Fort Hunt Park, a unit of the George Washington Memorial Parkway within the National Park Service, has a rich and varied history. From pre-Revolutionary times through the end of World War II, the site served many roles that have influenced American history. Today, the 197-acre site is a popular picnicking and recreational park.
Fort Hunt Park is a microcosm of American History. From George Washington's River Farm to the Spanish American War, and from a World War I Bonus Marcher's camp to FDR's Civilian Conservation Corps, learn more about Fort Hunt Park's varied history.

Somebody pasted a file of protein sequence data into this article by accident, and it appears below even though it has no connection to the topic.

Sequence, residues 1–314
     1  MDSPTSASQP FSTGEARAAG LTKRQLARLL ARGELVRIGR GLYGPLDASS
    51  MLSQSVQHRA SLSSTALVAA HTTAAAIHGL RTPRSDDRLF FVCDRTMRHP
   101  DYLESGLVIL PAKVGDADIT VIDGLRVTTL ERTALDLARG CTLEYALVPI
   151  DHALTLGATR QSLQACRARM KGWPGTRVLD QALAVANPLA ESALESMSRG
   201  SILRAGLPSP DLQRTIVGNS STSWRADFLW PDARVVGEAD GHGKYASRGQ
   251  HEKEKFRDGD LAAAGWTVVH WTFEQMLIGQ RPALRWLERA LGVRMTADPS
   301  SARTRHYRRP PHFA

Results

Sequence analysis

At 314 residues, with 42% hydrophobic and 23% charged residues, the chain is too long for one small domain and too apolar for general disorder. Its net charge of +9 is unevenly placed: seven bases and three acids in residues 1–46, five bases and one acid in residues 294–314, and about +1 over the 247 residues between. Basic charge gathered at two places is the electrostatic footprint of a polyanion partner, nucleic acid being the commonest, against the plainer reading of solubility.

P.O. Box 1142 was a top secret World War II military intelligence facility from 1942 to 1946. Three programs vital to the war effort operated at Fort Hunt: a temporary detention center to interrogate high value prisoners of war; the escape and evasion aid to Americans captured by the enemy; and analysis of captured documents.
In 1946, P.O. Box 1142 was closed, its buildings largely bulldozed and its records destroyed. But when the secrets of its World War II use were declassified about 50 years later, NPS undertook significant research about P.O. Box 1142, identifying surviving servicemen, conducting oral histories and searching the National Archives.